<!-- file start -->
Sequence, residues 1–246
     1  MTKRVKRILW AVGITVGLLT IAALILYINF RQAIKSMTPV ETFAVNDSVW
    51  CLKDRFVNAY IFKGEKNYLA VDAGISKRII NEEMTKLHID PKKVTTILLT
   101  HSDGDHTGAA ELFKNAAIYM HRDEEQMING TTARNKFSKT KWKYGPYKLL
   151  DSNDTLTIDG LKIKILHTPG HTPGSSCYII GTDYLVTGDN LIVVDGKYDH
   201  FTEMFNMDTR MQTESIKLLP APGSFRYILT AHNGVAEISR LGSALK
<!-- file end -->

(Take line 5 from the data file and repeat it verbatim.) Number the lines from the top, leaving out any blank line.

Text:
   151  DSNDTLTIDG LKIKILHTPG HTPGSSCYII GTDYLVTGDN LIVVDGKYDH